Having said all this and I do say what I mean, mean what I say and always try not to say it too mean, I choose my words carefully and write with intent, I'd like you to reread it and allow it to empower you.

The facts are that you are separated from your husband. Why do you really care, that he will be furious? No, I think it's time you allowed him to understand that he has been less than honest, he's played dirty pool and it has now placed you in the middle. That alone, should be enough to piss you off. Somehow though, I have the feeling that your hubby will act as if he's pissed off, "The nerve of that bastard for asking you for money, I don't owe him." This is, of course, a ruse to cover his guilt. So, knowing his reaction ahead of the program, I do recommend that you write him a note, left in a place, he's sure to get it. mail it, if you have to and tell him that you do not appreciate his under handed business practice with, what he used to call, a "Friend." You then interject, "What happened to the idea, that a man is as good as his word?" You then proceed to tell him, that this is his baby and as a man, he needs to deal with his affairs and make an attempt at righting "HIS" wrong. You make it clear that it is not fair, for you to have to even think about this. "Did I make this business deal, with this man? Did I have control of the money from this house? And most importantly, "Am I responsible for all this?" I would then ask him to step up to bat , as a man and take care of business. "These are our friends and he did invest money, didn't he? Even if you don't agree to the amount he states you owe him, do you not owe him something, even the amount you say, is the right amount? Do you not feel, as a man, that you should at least make an effort to take care of your business? If you can't pay him, don't you feel, as a man, you should tell him this? Don't you feel, as a man that it is your obligation, to handle this, instead of your wife?"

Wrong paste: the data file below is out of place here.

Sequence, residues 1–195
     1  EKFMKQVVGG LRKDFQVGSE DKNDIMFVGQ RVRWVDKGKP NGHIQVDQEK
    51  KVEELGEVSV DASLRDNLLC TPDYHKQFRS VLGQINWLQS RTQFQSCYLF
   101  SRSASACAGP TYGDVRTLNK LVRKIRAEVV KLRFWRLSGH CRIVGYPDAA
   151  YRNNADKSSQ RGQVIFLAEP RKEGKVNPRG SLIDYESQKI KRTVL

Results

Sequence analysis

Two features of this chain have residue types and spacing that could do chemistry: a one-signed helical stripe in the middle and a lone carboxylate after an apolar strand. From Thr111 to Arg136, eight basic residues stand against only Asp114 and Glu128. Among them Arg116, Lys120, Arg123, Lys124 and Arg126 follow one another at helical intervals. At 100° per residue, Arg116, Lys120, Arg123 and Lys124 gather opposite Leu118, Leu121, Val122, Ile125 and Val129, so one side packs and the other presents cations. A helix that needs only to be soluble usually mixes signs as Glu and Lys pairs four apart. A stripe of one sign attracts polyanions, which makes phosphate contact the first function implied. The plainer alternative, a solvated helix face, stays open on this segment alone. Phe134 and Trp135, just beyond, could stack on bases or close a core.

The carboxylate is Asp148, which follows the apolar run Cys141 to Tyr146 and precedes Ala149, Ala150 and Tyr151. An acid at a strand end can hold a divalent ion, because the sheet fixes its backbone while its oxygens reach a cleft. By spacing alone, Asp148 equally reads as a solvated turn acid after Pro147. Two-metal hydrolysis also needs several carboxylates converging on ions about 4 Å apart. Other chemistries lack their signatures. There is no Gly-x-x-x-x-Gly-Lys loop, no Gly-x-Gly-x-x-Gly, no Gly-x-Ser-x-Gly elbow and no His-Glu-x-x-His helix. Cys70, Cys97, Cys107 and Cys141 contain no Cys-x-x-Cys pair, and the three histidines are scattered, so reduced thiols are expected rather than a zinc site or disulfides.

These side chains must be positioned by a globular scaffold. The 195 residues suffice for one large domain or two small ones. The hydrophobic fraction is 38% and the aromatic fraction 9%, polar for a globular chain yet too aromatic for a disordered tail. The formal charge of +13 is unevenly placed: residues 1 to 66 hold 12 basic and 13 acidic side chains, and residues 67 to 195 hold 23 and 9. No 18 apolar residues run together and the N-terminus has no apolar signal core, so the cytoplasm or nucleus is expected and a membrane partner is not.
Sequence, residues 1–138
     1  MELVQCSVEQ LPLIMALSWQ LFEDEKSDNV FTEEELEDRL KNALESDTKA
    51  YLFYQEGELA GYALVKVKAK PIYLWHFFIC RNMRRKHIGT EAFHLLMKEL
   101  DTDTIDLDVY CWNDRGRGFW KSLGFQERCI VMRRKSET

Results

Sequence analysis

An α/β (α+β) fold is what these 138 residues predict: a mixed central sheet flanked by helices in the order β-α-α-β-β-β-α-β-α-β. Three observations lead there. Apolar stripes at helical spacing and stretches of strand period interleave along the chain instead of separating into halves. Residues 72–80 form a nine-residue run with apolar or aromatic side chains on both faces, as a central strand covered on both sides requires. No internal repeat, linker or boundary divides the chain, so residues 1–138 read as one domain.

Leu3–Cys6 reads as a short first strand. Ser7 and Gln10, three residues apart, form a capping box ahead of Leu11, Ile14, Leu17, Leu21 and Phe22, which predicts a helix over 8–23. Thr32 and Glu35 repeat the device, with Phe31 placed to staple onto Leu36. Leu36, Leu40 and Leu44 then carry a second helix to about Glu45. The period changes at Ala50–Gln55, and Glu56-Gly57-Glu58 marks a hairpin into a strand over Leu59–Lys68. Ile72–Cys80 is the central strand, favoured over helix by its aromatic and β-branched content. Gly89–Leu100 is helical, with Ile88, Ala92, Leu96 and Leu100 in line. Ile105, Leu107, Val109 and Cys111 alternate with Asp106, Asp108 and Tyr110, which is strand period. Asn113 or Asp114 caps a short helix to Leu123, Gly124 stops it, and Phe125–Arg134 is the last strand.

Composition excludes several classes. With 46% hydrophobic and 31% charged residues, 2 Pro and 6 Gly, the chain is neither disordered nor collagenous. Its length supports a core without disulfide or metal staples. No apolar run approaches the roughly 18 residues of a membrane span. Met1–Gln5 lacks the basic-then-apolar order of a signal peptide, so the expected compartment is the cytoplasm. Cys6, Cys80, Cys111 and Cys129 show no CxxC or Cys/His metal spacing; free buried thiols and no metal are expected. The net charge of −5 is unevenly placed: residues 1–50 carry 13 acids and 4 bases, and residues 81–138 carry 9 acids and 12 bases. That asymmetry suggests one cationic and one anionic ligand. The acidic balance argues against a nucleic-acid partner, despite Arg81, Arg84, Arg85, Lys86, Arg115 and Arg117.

Once upon a time, a man was as good as his word and only as good as his word. I think a carefully written note, using this exact wording, I have laid out, will make him look at his stand, on the matter. He will have to look in the mirror and see himself, as the man he is not. Or at least question his own ethics and just how unfair this is to you.

In the event that this does not work or you are a bit fearful to challenge your husband in this manner, I suggest that you carefully put all this into perspective for yourself. If you must or you feel the absolute need to pay this debt, I feel they have no choice but to take a payment, a good will gesture. I dare say, you should not be put out, do without and making a small payment, in hopes that your hubby will buck up, is plausible.

I do hope, you will evaluate how you've been placed, smack dab in the middle of this. I hope you will look at and evaluate your "Friendship," as well as your relationship with a man who doesn't or won't honor his word. I do believe you've looked at this, already and your separation, if nothing else, will make your husband look at his principles. Stand your ground.

Lastly, as I am a huge proponent, a true believer in the vows we exchange, on our wedding day, never think I am in any way, encouraging you to throw in the towel, on your marriage. If nothing else, I hope you will take this situation and make an example out of it. Play for keeps, my friend. Take a stand and say what needs to be said. Force your husband to look at his mess, his behaviors and his business practices. When it's all said and done...what do you have to lose? But you do have everything to gain, huh? If nothing else, allow this to empower you by asserting what's right is right and what's wrong is wrong and none of your wrong.